A New Zealander, burn in Auckland and educated in Wellington. Has had a lively and varied career in New Zealand, England and U.S.A. Has worked on the stage in repertory in England, pantomime, juvenile parts in films and televsion. After returning to New Zealand joined N.Z.B.C., working in radio plays. women's sessions (Auckland, Wellington, Hamilton, Whangarei) and on-the-spot reporting.
In United States television script-writing and production—free lance writing for newspapers and magazines—radio reports back to New Zealand.
Returned to New Zealand, worked on radio and later on T.V. when it started, mainly as announcer and interviewer—but also writing news and continuity scripts. Although seen as interviewer and commentator, now concentrates on script writing and production. Has had some notable successes, including The Distant Shore and Looking at Sydney. Likes—travelling, conversation, being at the beach, gardening, music, reading...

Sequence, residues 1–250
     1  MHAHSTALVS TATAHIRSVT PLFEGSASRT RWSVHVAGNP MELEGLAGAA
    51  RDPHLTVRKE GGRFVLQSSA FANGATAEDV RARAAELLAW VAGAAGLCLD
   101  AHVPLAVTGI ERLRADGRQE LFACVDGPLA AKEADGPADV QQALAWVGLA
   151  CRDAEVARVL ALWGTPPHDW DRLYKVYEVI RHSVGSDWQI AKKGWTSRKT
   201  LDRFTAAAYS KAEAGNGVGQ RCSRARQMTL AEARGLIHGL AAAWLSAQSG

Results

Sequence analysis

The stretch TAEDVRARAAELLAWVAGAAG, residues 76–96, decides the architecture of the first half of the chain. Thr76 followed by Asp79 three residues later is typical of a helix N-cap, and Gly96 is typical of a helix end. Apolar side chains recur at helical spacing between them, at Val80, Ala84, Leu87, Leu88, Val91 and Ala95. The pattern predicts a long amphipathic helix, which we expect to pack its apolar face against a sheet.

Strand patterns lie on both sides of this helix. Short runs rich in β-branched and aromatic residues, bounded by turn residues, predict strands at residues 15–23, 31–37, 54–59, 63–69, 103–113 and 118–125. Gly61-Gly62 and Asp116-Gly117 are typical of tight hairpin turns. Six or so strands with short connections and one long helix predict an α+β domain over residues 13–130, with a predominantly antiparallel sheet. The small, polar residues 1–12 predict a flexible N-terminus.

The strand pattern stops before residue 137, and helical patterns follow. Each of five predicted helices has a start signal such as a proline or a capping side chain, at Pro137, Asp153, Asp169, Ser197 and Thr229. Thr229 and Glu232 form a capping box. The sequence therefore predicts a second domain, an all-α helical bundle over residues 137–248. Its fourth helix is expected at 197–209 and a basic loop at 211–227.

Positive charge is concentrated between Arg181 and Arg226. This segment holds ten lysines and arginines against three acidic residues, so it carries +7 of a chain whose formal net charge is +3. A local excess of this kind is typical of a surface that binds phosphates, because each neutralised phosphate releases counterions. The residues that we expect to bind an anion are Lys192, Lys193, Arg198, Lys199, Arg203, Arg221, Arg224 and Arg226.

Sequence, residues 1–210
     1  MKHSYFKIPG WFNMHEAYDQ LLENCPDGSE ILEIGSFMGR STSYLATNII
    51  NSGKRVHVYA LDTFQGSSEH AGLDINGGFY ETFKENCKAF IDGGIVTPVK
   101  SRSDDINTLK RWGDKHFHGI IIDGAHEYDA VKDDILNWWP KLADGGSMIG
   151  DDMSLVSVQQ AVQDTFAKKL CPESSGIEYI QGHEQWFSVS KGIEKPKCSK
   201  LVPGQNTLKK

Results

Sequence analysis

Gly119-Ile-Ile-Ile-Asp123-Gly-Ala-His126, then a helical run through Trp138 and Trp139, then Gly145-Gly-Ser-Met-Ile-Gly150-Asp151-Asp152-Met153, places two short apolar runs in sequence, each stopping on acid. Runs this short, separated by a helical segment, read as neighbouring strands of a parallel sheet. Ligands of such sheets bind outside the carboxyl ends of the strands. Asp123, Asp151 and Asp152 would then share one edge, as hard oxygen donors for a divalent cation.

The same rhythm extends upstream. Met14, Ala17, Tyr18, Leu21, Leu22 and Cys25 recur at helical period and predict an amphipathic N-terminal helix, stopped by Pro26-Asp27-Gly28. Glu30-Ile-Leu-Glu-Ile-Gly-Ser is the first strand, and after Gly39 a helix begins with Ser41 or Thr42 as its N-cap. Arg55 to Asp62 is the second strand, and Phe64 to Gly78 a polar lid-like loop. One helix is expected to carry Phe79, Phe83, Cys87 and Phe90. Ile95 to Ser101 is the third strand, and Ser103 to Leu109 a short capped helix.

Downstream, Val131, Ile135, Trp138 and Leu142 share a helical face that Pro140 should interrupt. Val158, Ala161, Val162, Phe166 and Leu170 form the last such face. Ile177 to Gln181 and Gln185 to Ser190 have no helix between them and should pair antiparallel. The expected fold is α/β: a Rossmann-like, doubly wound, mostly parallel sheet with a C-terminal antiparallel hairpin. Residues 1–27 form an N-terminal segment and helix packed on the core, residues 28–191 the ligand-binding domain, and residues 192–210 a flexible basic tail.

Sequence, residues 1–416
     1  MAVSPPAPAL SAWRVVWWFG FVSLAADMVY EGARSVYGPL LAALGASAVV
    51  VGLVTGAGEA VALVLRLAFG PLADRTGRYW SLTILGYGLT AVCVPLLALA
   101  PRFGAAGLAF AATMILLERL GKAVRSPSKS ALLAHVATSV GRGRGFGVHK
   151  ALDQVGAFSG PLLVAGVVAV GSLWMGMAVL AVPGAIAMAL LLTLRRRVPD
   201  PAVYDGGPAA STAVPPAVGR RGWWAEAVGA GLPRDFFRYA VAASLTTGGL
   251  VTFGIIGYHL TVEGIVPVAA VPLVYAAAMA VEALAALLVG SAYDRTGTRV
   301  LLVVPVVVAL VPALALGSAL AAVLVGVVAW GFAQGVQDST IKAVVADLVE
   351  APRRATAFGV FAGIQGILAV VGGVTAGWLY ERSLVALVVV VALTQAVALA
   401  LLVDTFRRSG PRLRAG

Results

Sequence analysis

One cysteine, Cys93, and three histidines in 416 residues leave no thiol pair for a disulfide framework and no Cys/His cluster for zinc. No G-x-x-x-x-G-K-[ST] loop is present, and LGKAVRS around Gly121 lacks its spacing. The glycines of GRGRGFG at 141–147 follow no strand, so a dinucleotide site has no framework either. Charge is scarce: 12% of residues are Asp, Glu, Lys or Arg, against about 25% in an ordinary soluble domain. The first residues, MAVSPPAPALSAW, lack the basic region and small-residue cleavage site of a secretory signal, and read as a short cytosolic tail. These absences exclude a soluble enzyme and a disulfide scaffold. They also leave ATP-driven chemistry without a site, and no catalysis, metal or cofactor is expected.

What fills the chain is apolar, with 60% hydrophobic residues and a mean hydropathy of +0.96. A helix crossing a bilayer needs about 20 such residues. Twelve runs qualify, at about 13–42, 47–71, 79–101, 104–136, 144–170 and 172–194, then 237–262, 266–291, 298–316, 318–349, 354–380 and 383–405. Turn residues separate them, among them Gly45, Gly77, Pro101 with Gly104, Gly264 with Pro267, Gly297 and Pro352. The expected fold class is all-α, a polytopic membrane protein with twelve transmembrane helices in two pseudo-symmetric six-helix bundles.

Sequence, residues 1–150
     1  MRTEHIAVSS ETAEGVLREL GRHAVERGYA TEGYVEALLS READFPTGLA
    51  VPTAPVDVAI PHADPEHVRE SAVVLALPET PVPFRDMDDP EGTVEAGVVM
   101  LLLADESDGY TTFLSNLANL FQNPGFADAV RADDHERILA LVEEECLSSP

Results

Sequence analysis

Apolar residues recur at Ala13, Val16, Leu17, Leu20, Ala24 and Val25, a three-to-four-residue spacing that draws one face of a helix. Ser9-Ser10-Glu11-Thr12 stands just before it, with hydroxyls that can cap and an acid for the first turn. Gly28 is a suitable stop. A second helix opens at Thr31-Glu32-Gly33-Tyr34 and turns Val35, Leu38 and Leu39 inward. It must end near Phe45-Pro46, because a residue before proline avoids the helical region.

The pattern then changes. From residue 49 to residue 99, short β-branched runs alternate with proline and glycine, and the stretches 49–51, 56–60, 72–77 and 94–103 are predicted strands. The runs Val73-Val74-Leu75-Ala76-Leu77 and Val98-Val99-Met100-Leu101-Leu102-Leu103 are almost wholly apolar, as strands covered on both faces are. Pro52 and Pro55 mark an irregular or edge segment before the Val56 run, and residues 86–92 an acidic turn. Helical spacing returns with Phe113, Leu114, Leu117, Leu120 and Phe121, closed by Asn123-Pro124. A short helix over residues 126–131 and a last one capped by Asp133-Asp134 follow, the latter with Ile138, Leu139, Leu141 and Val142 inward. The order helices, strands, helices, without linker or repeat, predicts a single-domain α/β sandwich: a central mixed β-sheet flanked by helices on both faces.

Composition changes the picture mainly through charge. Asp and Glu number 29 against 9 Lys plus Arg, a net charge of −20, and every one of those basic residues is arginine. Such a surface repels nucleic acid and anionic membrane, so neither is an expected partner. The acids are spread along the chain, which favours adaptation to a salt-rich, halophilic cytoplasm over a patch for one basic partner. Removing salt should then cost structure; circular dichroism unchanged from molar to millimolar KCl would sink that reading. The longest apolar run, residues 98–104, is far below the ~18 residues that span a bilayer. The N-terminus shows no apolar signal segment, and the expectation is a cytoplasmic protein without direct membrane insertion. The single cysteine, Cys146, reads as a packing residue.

With Gently Smiling Jaws
Published by Collins, Auckland, 1963
ALL the young female Willises married, settled down, raised families and wrote lots of newsy letters. Catherine didn't. She was a maverick. She wanted fun, excitement, a career, travel. She got them all, and a lot more, when she went from New Zealand to New York and started work in commercial T.V.
No one could put a finger on any of Timperly's activities and say it was crooked. But in his search for T.V. sponsors he worked on the assumption that there is a fool born every minute, that they frequently have lots of money, and a desire for personal publicity, and that the money was better in his bank than in theirs.
Despite warnings Catherine got involved in this maze of chicanery, and a United Nations love affair at the same time. This book is essentially light-hearted—and amusing. The characters are as diverse as the American scene.